As such, both games start with just a normal type of day, and then all heck breaks loose and you are caught in the middle. Being a member of a small squad who gets their vehicles shot out from under them is not a good place to be, and in ArmA you will be taking a lot of fire just trying to pull back in the face of an attack of overwhelming force. I was killed about ten times in this first mission and had to keep reloading.
That brings up one of the things about ArmA which will separate those who love the game from those that hate it. ArmA is pretty realistic. If you get shot, you will likely die. Sometimes this is not the case, but you will certainly be hurting. Case in point, while my unit was trying to escape, I was hit and suddenly fell into a prone position. I could not get back up and was starting to get a little angry. Then I realized that I was probably hit in the legs, which was why I could not stand. The Bradley fighting vehicle that was pulling me out was parked over 300 yards away, which might as well have been on the moon for all the faster I was moving with bad guys all around. There is no healing in a mission, just like in real life.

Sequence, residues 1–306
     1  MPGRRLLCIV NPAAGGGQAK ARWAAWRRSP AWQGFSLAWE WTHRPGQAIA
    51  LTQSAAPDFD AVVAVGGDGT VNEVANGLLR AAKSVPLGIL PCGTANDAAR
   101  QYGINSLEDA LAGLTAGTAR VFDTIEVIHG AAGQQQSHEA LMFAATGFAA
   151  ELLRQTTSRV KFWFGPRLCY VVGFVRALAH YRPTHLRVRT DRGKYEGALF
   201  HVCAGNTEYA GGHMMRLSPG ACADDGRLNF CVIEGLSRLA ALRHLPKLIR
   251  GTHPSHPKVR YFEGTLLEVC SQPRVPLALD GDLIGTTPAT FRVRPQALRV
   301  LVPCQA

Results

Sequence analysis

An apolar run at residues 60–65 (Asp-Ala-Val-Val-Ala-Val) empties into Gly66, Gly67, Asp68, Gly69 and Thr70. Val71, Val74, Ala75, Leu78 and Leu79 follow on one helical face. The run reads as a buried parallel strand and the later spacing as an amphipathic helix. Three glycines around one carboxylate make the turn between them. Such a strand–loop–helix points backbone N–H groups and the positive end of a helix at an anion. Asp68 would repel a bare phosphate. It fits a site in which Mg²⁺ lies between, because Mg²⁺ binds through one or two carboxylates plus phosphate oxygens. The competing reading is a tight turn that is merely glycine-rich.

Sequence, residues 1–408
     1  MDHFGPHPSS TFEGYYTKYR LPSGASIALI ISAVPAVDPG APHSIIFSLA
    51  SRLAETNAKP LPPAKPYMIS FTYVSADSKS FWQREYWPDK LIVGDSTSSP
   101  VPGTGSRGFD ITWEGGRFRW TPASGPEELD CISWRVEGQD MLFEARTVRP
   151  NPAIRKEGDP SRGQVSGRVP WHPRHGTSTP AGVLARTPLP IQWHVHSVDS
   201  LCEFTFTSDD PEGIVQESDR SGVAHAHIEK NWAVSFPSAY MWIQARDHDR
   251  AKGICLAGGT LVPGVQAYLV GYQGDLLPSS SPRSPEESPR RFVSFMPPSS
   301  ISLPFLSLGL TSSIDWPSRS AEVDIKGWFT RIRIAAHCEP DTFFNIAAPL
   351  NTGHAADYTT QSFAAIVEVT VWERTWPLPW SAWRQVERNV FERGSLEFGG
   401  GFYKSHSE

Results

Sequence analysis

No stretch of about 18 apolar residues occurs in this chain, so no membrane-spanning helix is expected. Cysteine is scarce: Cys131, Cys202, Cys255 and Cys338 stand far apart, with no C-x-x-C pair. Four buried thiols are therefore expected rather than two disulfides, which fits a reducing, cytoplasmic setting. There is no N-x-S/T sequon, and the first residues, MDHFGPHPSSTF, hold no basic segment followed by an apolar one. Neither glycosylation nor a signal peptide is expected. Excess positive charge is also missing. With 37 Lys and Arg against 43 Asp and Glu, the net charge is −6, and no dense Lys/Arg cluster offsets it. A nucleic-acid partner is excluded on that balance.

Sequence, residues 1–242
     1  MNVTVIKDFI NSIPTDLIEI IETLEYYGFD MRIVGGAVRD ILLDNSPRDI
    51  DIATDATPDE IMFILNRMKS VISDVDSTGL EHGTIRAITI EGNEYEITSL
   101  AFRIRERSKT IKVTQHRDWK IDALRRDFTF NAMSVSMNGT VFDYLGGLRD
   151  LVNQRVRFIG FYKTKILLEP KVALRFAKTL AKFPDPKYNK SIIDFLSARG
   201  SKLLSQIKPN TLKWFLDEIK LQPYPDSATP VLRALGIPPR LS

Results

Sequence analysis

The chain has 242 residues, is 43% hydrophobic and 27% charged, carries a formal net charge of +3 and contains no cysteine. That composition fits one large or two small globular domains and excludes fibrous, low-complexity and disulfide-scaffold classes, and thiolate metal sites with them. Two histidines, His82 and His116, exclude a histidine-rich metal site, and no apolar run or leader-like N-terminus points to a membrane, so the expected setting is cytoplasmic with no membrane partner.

Also, I started to think I could figure out the level after my tenth death. I did not make it far after getting shot in the leg, but I was lucky enough to see where the guy who shot me was standing, which was really far away between two buildings up on a slight hill. So when I did the mission again, I targeted that spot and waited for Mr. Sneaky to step out. And guess what? He did, at least the first time. I gunned him down and was quite happy.
However, I was killed later on and had to, yes, play the mission again. This time I waited for the sneaky guy and he never showed up. Either someone else killed him before he got there, or he simply went a different way.
You see ArmA is truly a living battlefield. When you hear shooting off in the distance, that is real gunfire and not atmospheric. Somewhere friendly AIs and enemy ones (or real people in multiplayer) are really shooting each other. So missions are going to be different every time. And the battlefields in ArmA are actually larger than the ones in Flashpoint. Here they can range for 20 or 30 square miles per mission, arranged in a chain of islands that makes up 400 square miles.